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WILTON — Sports and academics don’t always mix, but two Wilton High School seniors have been recognized for not only juggling those two responsibilities but excelling at them as well.

Paula Perez Pelaez and Andrew Smith have been named the CIAC Scholar Athletes of the year.

According to the Connecticut Interscholastic Athletic Conference, this program “recognizes two high school senior student-athletes — one boy and one girl — from each member high school whose academic and athletic careers have been exemplary, whose personal standards and achievement are a model to others, and who possess high levels of integrity, self-discipline and courage.” The honorees are chosen by the member schools and are submitted to the CIAC.

Paula is captain of the varsity cross country and indoor and outdoor track teams. Andrew is captain of the varsity basketball and golf teams.

Paula Perez Pelaez

While she is not among the fastest runners Wilton High School has had, Paula’s coach Jeff Gee said, “when you look for a captain to lead the team to good performances, she’s one of the best we’ve had.”

Gee, who’s been Paula’s coach for four years, said he was not surprised at all to see Paula would receive the award.

“In terms of her determination and ability to influence others and her contribution to the team in terms of leadership, she’s right up there,” Gee said.

Paula said she started running in fifth grade and tried out for the team in high school. Cross-country running is her strength, particularly the mile and two miles. For track, the 1,000 meters is her go-to event.

Cross-country is the most difficult of the running sports, Gee said. “It’s up and down hills, in snow, in mud, it can be hot, it’s extremely difficult. That gives you an insight into her character.”

To train for the nine season meets and then FCIAC and state tournaments that extend the season to about 12 events, Paula runs four miles at a minimum and sometimes as many as six Monday through Friday, she said.

“I try to do six to seven miles one day on the weekend,” she said, saying she often runs on the trails at Merwin Meadows.

This is all the more impressive considering Paula has made the high honor roll throughout high school and her average is 3.98.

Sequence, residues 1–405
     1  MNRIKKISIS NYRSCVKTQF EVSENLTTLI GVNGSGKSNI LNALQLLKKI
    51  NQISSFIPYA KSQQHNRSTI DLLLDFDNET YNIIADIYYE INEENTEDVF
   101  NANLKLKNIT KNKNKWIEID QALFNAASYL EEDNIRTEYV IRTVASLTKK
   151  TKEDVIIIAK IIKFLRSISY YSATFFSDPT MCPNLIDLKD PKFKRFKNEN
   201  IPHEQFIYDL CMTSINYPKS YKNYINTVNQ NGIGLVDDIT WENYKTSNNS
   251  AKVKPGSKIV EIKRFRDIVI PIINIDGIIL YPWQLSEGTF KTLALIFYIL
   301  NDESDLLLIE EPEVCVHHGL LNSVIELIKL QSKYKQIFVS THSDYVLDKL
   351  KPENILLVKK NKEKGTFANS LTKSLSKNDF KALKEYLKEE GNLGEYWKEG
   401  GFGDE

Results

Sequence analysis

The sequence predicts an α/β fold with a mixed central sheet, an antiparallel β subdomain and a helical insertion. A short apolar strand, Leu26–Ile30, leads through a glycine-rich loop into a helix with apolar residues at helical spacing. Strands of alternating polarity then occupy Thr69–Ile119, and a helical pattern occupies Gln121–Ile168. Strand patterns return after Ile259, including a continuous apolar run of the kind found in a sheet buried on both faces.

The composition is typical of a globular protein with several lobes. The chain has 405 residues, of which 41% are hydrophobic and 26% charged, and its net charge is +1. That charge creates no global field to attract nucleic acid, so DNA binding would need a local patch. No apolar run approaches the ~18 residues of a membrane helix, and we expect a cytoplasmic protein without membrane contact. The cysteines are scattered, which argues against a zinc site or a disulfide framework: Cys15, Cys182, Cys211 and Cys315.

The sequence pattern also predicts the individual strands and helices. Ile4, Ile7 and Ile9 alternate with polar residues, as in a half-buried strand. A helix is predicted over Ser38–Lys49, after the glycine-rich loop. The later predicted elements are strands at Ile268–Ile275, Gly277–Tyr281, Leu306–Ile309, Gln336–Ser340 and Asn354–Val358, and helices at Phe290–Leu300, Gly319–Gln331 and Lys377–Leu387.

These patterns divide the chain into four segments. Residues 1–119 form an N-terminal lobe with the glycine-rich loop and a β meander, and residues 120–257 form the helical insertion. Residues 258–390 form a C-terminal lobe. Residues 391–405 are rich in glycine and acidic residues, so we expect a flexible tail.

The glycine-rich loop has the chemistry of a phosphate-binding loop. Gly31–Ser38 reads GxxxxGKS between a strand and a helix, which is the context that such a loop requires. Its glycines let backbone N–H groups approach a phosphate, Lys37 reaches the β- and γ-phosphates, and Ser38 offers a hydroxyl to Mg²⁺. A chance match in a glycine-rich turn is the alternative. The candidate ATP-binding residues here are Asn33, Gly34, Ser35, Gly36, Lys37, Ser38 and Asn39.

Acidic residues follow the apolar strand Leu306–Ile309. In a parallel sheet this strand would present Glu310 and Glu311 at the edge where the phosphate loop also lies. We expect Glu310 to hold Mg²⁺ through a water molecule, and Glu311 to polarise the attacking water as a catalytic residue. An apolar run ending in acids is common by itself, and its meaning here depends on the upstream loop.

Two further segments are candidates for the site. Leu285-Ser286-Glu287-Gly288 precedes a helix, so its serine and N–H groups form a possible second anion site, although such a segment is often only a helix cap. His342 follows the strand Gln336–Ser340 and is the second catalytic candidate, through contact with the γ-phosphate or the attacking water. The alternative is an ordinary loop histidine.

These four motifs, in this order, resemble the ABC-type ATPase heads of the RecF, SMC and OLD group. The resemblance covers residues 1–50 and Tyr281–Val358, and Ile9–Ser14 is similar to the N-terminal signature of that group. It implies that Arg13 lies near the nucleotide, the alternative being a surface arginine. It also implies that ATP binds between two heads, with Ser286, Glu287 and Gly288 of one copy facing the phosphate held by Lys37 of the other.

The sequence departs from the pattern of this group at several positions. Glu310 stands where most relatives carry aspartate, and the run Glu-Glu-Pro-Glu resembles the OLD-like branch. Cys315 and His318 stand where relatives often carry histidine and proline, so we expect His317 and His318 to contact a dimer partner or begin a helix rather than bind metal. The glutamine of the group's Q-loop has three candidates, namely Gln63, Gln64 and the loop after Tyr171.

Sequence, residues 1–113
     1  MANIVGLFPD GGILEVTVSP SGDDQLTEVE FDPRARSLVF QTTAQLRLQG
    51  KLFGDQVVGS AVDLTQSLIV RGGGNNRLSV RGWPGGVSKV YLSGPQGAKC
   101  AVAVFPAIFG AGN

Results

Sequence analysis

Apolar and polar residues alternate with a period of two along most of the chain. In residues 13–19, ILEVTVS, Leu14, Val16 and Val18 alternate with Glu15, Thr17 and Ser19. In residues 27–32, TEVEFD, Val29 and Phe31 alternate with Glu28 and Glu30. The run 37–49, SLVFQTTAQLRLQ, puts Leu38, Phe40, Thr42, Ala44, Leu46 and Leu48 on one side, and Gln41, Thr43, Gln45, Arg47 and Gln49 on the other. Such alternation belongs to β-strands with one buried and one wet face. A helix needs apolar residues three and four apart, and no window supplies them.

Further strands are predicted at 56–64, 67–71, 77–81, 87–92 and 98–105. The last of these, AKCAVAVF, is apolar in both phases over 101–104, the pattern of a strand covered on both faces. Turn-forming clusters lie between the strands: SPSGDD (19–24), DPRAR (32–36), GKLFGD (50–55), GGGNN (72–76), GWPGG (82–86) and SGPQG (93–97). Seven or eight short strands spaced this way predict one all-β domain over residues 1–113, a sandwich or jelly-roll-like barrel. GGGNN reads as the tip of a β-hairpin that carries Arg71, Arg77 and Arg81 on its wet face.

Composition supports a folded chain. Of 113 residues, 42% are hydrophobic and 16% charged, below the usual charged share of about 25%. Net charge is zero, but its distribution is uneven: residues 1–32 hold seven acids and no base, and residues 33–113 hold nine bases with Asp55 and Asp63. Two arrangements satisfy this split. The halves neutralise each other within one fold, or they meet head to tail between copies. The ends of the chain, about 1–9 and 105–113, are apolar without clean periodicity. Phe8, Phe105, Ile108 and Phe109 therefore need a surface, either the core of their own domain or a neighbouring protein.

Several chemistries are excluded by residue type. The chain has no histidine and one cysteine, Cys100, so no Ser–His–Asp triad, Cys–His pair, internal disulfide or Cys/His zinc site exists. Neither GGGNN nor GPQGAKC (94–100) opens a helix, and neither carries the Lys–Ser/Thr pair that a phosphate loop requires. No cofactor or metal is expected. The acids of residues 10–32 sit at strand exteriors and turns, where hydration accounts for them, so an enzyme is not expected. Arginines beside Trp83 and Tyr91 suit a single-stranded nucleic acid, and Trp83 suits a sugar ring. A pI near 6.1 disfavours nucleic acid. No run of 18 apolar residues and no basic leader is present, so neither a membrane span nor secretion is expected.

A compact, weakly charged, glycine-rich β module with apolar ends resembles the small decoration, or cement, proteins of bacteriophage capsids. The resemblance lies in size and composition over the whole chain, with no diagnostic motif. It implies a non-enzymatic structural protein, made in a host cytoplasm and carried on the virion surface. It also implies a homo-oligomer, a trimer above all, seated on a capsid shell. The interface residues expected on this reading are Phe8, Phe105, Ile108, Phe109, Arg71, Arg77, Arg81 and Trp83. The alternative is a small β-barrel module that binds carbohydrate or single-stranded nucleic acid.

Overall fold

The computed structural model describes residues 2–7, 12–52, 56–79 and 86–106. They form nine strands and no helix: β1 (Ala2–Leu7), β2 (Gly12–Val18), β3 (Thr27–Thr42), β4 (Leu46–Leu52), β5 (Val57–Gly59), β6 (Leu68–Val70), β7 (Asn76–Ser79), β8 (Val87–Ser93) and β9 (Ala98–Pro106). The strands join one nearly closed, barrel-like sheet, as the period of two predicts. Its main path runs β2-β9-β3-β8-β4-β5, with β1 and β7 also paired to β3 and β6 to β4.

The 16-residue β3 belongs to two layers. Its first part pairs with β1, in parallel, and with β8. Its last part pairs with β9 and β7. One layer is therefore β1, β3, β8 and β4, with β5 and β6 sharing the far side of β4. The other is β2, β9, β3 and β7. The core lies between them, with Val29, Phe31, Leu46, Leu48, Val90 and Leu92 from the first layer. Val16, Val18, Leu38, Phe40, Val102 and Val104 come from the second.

This score is built on a foundation of challenging courses based in math and science, including AP Calculus, and AP Environmental Science, two of her favorites. She’s also taken AP Economics, AP Government and AP Spanish Literature and Culture where she reads novels in Spanish.

Paula will attend the University of Michigan’s College of Engineering in the fall and is planning “right now” to major in bio-medical engineering.

“I like building things and how prosthetics work. I’m hoping to do something of that nature,” she said, explaining that choice. She is hoping to continue running in college at the club level.

Paula said she wanted to emphasize “how much the team means to me, how much it means to have success as an athlete and in school. Being a captain is a lot more work than I thought it would be … I have such a passion for the sport. It’s definitely a great experience.”

Andrew Smith

Golf coach Jack Majesky had nothing but praise for Andrew Smith, whom he called “a fantastic kid.”

“Andrew is first class in all respects. He’s been a starter for the last two years, and is team captain this year,” Majesky said, adding that unfortunately for the team, he did not think there would be a season this year since golf in Wilton is a spring sport.

“Andrew is a quiet leader. He’s not a big talker or hollerer at the other players, but that’s not golf anyway,” Majesky said. The golf coach also goes to Andrew’s basketball games, where he is one of the team’s top scorers.

“It’s been a joy to watch him out on the court,” he said.

Andrew, who wears No. 22 for the Warriors, has been playing basketball since elementary school. As captain, he said, “I loved doing it. A lot of it had to do with off-season workouts and teaching the underclassmen what to do.” It was a job he shared with three teammates: Tucker Walden, Kyle Hyzy and John Walsh.

As for golf, Andrew said, “My Pop was always into golf and wanted me to play. He passed away a year before I started. I started thinking about it and said, ‘if I’m going to play for the rest of my life, I should start getting good at it right now.’”

Asked to assess his game, Andrew said driving is his strong point, “although I can definitely be a little off sometimes.” Putting is more difficult. “It looks so easy but yet it is so hard.” He puts his handicap at 9 or 10.

In the classroom, Andrew is most interested in history and math and is taking AP Statistics this year.

“For some reason, I like dealing with numbers and solving equations. It sounds very weird to a lot of people but it’s very soothing for me,” he said.

Last semester he took AP U.S. History and counts the 1920s and progressive era among the most interesting periods.

To maintain his 3.8 GPA, Andrew said he takes advantage of his free programs during the day. “That’s one and a half less hours of homework a night,” he said.

Organization is key when, during the basketball season, he has to fit in daily practices of drills, plays and “a whole lot of running.” Before the pandemic, as soon as basketball ended he was on the golf course three or four times a week.

When he goes to Northeastern University in September, Andrew plans to double major in business administration and psychology, and maybe join intramural or club basketball.

Back on the golf course, Majesky said, “Andrew has all the talent in the world — a great golf swing, and a great competitive attitude. If I were blessed with another son, I couldn’t hope for anything better than cloning Andrew Smith.”